Moderna recalls vaccine batch after foreign substance found in CDMO-made vial—again

The specter of particulates has forced another recall—this time on Moderna’s massively successful COVID-19 vaccine Spikevax—and the latest pull isn’t contract manufacturer Rovi’s first brush with contamination, either.

Moderna on Friday said it was recalling one Spikevax lot in Europe.

The batch contains 764,900 doses made by CDMO Rovi that were deployed across Norway, Poland, Portugal, Spain and Sweden between Jan. 13 and Jan. 14. Moderna yanked the shots because of a “foreign body” found in one vial of the batch made at Rovi’s site in Spain, the partners said in a release.

The suspect vial was punctured but not administered, the companies added. Moderna and Rovi learned about the contamination issue from a vaccination center in Málaga, Spain. The tainted vial was “returned for forensic assessment and investigation,” the companies noted.

Afterward, Moderna ran a search of its global safety database, finding that no safety concerns cropped up in people who received a Spikevax dose from the suspect batch.

The company says it’s performing the recall out of an “abundance of caution.” Moderna said it’s working closely with health authorities as it runs its investigation, adding that it and Rovi are “committed to working transparently and expeditiously with regulators to address any potential concerns.”

More than 900 million doses of its mRNA-based shot have been administered around the world so far, Moderna said. The company doesn’t think the problems with the solo vial pose a risk to others in the lot, nor does it believe the issue “affects the significant benefit/risk profile of the vaccine.”

The move follows a similar particulate brouhaha in Japan last year.

Back in August, Moderna confirmed over email that it received “several complaints of particulate matter” in vials of its vaccine there. The complaints stemmed from “one product lot” that was distributed in the country, a Moderna spokesperson told Fierce Pharma at the time.

Simultaneously, Kyodo News reported that Moderna’s Japanese vaccine partner, Takeda, had halted the use of 1.63 million Spikevax doses.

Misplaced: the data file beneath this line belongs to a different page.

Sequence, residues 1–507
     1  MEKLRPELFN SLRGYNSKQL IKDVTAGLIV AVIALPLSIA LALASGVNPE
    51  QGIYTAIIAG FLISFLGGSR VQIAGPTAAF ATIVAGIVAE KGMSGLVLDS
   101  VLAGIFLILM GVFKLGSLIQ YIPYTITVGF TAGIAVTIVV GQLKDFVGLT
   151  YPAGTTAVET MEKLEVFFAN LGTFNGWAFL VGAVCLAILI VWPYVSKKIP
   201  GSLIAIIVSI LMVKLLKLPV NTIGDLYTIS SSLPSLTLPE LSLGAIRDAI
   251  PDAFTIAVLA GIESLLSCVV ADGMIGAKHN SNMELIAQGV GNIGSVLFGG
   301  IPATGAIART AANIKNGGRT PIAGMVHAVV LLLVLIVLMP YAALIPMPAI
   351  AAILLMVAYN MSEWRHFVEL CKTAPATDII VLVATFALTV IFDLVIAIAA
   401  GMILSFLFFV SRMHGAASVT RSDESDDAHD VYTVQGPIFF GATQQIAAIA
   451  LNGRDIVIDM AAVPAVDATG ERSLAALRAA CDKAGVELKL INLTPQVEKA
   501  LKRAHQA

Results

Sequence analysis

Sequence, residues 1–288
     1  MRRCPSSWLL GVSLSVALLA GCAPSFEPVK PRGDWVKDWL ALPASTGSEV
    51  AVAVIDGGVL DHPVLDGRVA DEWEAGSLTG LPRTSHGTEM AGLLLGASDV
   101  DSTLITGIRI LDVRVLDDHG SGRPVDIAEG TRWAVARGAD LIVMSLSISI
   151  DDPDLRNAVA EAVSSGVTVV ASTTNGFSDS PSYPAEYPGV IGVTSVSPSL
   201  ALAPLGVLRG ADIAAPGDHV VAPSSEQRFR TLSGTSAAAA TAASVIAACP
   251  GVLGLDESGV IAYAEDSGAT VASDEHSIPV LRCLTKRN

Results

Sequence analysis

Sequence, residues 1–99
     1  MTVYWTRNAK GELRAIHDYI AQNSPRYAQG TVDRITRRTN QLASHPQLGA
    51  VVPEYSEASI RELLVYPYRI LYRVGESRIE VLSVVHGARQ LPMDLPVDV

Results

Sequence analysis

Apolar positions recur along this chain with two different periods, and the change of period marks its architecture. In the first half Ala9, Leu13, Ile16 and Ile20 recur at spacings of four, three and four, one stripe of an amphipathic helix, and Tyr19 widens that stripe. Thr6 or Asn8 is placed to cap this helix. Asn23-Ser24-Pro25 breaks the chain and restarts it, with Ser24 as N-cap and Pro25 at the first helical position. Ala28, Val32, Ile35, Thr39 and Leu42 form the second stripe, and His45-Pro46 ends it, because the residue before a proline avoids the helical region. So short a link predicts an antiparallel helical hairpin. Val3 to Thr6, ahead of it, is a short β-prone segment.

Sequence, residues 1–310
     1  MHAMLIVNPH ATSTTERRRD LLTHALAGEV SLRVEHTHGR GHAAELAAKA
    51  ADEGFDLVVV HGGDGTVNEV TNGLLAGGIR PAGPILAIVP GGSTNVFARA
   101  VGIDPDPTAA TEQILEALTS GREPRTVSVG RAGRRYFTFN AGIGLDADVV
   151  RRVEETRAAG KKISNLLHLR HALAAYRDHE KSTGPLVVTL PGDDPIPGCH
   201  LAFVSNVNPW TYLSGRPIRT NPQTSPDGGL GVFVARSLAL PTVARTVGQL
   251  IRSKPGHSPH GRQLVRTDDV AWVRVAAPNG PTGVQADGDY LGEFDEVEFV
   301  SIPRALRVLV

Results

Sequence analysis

An investigation by Rovi ultimately concluded that the particulates found in the Japanese vials were stainless steel.

In October, Moderna, Rovi and Takeda announced that “human error” was the likely culprit behind the particulates’ presence. The manufacturing flub occurred at a Rovi plant in Spain, which released three vaccine lots after a fourth from the same production run failed an inspection. The fourth and fifth lots from the manufacturing series were held back, Moderna explained in a 16-page report.

The stainless-steel contaminants resulted from friction between two pieces of metal that had been incorrectly installed in the stopper module of the production line, the report continued.

Outside the realm of pandemic vaccines, particulate contamination has prompted scores of recalls in recent years.

Just a few weeks back, Teva Pharmaceutical recalled one lot of the injectable leukemia med IDArubicin hydrochloride after an internal inspection flagged silica and iron oxide particulate matter in a lone drug vial.

Earlier in March, meanwhile, Fresenius Kabi yanked seven lots of sodium acetate intravenous fluid in the U.S. because testing revealed particulates of carbon and oxygen with traces of sodium silicon, chromium, aluminum and cellulose.  

Particulates have also proven a major hang-up for Foster City, California-based Gilead Sciences. In December, the drugmaker said it was pulling two lots of the COVID-19 antiviral Veklury, also known as remdesivir, because a customer complaint flagged the presence of glass particulates, which Gilead then confirmed through its own investigation.

Separately, Gilead’s HIV prospect lenacapavir has been hit with clinical holds and even an FDA complete response letter on fears over the compatibility of the solution with the borosilicate vials it’s stored in.